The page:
Catholic Malta and predominantly Muslim North Africa have had troubled relations since at least the Crusades, when Malta became the final stand against the Turks by the Knights Hospitallers. Malta held, and after the Crusades many attacks against Arab and Turkish coastal towns were launched from it. Not all of the Maltese who joined the Knights in these attacks returned home. Some lost their liberty, settling against their will in North Africa.[citation needed]

The Knights remained in possession of Malta until its seizure by Napoleon Bonaparte in 1798. Bonaparte formed a troop of Maltese--the number of men varies in sources from 400 or 500 to 2000--who went with him into Egypt as part of the Mediterranean campaign of 1798.[2][3][4] Many of these men settled in the Eastern Mediterranean after Napoleon's loss at the Battle of the Nile, becoming some of the first Maltese settlers in Egypt.[citation needed] Opportunity for work with the British drew more Maltese into the area thereafter, although there was an exodus of Maltese refugees back to their native land in 1822, when Alexandria was besieged by the British. Nevertheless, Alexandria, Cairo, Suez, Rosetta and Port Said continued to be a draw for Maltese settlers.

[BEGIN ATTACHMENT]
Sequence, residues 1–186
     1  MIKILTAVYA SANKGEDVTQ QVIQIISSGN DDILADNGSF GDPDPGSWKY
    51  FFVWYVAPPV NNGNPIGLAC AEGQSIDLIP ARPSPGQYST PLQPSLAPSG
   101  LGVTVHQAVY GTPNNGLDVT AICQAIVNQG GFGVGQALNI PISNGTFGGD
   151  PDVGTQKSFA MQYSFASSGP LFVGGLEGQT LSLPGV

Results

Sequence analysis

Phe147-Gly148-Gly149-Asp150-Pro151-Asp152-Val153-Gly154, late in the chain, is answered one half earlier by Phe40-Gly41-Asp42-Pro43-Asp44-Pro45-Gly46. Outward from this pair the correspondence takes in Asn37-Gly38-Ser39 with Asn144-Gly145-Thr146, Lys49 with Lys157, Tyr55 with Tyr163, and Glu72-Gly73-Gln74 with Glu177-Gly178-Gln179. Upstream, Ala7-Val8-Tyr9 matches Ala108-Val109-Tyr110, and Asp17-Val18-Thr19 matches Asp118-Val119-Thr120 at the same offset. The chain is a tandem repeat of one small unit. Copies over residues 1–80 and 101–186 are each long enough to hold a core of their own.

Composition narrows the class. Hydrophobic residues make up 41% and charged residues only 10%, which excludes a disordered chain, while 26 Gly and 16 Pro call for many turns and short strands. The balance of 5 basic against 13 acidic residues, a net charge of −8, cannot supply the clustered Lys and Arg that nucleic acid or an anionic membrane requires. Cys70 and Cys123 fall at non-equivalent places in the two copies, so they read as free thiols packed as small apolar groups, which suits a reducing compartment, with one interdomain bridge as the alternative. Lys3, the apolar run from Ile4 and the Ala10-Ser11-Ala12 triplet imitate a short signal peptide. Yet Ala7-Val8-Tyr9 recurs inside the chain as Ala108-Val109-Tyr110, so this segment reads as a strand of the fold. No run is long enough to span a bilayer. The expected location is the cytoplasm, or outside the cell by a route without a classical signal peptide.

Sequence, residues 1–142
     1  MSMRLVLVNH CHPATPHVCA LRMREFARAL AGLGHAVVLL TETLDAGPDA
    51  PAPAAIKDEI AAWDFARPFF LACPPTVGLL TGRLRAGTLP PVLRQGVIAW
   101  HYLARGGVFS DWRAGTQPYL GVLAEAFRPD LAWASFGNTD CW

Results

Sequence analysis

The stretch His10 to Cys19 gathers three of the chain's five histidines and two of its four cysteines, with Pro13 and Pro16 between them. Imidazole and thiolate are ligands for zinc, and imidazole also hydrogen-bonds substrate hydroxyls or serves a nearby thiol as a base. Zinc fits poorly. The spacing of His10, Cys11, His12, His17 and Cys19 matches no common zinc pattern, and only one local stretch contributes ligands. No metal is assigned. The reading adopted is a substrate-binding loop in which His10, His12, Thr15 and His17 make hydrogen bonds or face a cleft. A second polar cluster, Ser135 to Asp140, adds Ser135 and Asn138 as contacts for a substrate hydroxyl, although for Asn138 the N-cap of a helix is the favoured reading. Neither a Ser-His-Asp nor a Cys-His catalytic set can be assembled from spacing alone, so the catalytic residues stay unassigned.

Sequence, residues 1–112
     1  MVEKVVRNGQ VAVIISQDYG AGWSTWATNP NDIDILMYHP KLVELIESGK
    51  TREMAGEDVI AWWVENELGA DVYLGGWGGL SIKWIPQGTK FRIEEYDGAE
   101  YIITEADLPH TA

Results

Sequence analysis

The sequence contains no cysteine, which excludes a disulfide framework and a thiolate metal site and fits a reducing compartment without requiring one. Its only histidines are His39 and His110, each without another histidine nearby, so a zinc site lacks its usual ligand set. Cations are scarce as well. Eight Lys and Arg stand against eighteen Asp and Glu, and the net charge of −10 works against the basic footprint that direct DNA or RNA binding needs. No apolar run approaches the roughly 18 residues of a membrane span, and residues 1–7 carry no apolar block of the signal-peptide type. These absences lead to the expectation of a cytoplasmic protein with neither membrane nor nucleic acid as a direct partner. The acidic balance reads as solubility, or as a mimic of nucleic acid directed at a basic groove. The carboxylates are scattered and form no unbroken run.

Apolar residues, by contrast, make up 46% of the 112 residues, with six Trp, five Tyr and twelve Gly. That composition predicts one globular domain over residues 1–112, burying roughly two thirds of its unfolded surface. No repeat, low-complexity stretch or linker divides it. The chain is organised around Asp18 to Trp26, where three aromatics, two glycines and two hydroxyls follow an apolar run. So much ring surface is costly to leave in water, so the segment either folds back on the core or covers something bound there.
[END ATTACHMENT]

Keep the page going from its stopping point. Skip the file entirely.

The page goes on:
Maltese immigrants joined the many others who flocked to the area for work in 1859 with the construction of the Suez Canal. The Egyptian Maltese community was heavily employed in such construction areas as masonry, carpentry, and smithing as well as in administration and commerce. Many became employees of the French Suez Canal Company. As English was known to some and they were quicker than Europeans to learn Arabic, they proved useful to British employers. Language became a major focus of the Maltese work force. While many had left their homes illiterate, speaking Maltese and usually also Italian, they sent their children to French Catholic schools where they developed fluency not only in French, which became the principal language of the subsequent generations, but also in English and Arabic. This education made them useful both in consular work and to European companies entering the area.[citation needed]